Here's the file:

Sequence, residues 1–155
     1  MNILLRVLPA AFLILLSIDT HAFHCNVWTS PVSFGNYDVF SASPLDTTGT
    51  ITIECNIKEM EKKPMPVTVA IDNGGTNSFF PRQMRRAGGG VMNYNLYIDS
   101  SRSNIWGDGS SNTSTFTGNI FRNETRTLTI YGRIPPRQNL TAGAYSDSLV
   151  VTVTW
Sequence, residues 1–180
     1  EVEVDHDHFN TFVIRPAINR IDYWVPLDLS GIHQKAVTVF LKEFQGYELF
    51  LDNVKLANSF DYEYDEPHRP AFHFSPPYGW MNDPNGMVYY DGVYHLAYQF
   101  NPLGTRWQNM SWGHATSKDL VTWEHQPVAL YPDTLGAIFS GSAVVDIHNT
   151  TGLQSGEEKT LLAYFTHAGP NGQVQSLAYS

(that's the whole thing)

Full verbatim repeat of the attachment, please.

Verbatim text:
Sequence, residues 1–155
     1  MNILLRVLPA AFLILLSIDT HAFHCNVWTS PVSFGNYDVF SASPLDTTGT
    51  ITIECNIKEM EKKPMPVTVA IDNGGTNSFF PRQMRRAGGG VMNYNLYIDS
   101  SRSNIWGDGS SNTSTFTGNI FRNETRTLTI YGRIPPRQNL TAGAYSDSLV
   151  VTVTW
Sequence, residues 1–180
     1  EVEVDHDHFN TFVIRPAINR IDYWVPLDLS GIHQKAVTVF LKEFQGYELF
    51  LDNVKLANSF DYEYDEPHRP AFHFSPPYGW MNDPNGMVYY DGVYHLAYQF
   101  NPLGTRWQNM SWGHATSKDL VTWEHQPVAL YPDTLGAIFS GSAVVDIHNT
   151  TGLQSGEEKT LLAYFTHAGP NGQVQSLAYS